Jeb Bush opened up with some rare campaign insight Tuesday night, talking in personal terms about the dizzying array of “pressures” that candidates face “to change who you are.”
“You know ‘do this, do that, be different,’” the Republican presidential candidate said, mimicking suggestions of consultants. “Whatever it is, there’s all sorts of advice. It’s well intended. I’m not being critical. There’s a lot of it.’”
In his case, Bush said he was advised to stop wearing his glasses — a suggestion he happily ignored. (If he wins, Bush would be the first president to wear glasses full time since Harry S. Truman.)
“I can’t see without glasses,” Bush said with exasperation, drawing laughs from the audience as he spoke at a town hall in Lebanon, New Hampshire. “I’m not going to take off my stinking glasses.”
Aiming to appear authentic, politicians rarely reveal the image-conscious side of their campaigns. But Bush did so Tuesday for that exact reason, showing some vulnerabilities in an effort to convince voters of his authenticity.
Asked later by reporters why he was told to remove his glasses, Bush joked that perhaps it was their combination with his “bushy eyebrows” that turned people off.
“I mean we have committees formed to deal with this. I have people all across the country worried about how I look,” he added with sarcasm. “I think I look pretty damn good.”
But his answer went deeper than looks. It all started when a voter – a teacher who was asking a question on behalf of a student – argued that modern political candidates are often marketed and sold like products. His student wanted to know whether Bush felt stifled or inhibited while he and those around him have been building a brand.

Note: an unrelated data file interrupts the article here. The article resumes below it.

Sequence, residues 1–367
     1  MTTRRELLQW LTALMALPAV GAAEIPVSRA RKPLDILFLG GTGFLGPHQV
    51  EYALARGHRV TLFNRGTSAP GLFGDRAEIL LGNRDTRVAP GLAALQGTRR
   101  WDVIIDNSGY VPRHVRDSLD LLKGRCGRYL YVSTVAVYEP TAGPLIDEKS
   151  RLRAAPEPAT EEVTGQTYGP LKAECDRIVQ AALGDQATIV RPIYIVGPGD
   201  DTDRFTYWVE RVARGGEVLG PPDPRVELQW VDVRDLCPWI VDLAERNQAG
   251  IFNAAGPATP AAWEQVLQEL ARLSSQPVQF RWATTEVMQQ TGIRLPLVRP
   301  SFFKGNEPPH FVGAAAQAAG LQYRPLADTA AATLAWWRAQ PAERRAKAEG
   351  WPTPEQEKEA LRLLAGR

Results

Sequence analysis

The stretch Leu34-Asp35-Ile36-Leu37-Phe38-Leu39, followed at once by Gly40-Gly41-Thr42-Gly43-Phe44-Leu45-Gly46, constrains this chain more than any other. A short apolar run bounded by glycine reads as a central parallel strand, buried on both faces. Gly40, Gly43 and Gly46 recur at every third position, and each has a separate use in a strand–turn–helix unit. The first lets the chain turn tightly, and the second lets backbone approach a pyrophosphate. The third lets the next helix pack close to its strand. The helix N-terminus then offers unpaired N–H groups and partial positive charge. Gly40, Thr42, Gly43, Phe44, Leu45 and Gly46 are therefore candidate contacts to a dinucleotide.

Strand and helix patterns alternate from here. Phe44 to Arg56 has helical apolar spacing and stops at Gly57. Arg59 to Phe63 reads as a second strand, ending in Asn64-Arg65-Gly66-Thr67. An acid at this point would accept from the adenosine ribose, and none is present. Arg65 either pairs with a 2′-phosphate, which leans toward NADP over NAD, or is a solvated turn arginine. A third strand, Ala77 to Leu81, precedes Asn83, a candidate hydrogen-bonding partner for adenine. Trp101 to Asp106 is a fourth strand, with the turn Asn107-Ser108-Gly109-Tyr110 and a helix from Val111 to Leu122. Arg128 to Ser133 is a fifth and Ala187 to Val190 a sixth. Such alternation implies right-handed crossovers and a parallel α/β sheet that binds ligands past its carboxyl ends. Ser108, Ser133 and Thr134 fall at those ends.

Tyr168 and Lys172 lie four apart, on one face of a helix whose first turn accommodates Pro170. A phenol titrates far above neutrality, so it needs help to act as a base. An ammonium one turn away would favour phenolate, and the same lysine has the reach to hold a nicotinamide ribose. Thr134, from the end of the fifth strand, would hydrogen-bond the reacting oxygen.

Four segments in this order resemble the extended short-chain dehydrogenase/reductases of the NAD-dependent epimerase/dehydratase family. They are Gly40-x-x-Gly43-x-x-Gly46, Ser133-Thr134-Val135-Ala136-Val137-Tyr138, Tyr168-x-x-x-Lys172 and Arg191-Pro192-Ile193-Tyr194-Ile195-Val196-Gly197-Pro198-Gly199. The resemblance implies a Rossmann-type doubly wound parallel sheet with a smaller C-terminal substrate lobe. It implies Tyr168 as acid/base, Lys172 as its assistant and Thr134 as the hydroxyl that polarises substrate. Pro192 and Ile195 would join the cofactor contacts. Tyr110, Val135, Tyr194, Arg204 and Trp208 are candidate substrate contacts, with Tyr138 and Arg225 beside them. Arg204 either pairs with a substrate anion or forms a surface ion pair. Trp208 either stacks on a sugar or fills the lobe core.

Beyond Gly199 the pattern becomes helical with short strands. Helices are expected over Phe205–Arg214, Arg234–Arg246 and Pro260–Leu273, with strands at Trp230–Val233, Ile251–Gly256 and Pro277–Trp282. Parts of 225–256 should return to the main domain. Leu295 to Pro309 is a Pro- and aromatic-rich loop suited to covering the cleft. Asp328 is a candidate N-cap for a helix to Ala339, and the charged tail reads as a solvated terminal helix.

Bush conceded that there is pressure to be different and said that he’s learned to “bite my tongue when the advice is kind of wacky.” But when he’s really tempted to change, he has a voice in his head that sounds a lot like the matriarch of the Bush family.
“Barbara Bush is behind me—the looming figure that all children have—and she’s about ready to whack me across the head if I try to be something I’m not,” he said.
One of the reasons that candidates with no experience in elected office have surged to the top of the polls, he argued, is because of deep disaffection among voters of politicians who aren’t being honest.
But the former governor insisted that he won’t shy away from his time in public office, even if it makes him appear more like an establishment candidate. Rather, he has tried to use — increasingly so — his record as governor as an example of how he would also “disrupt” Washington, just as candidates like Donald Trump and Ben Carson have pledged to do.
It was a point he especially tried to drill home last week in Iowa, repeatedly vowing to shake things up and turn the nation’s capital “upside down” – a noticeable uptick in his rhetoric against Washington.
He has since, however, toned down the warrior language after a series of articles noted that his new messaging appeared to be an effort to compete with the outsider candidates.
But his stump speech still offers impassioned promises to bring “civility” back to Washington and break past the gridlock.
“The simple fact is you got to have some experience to do the things that you’re asking a president to do,” he said Tuesday. “You can’t just show up.”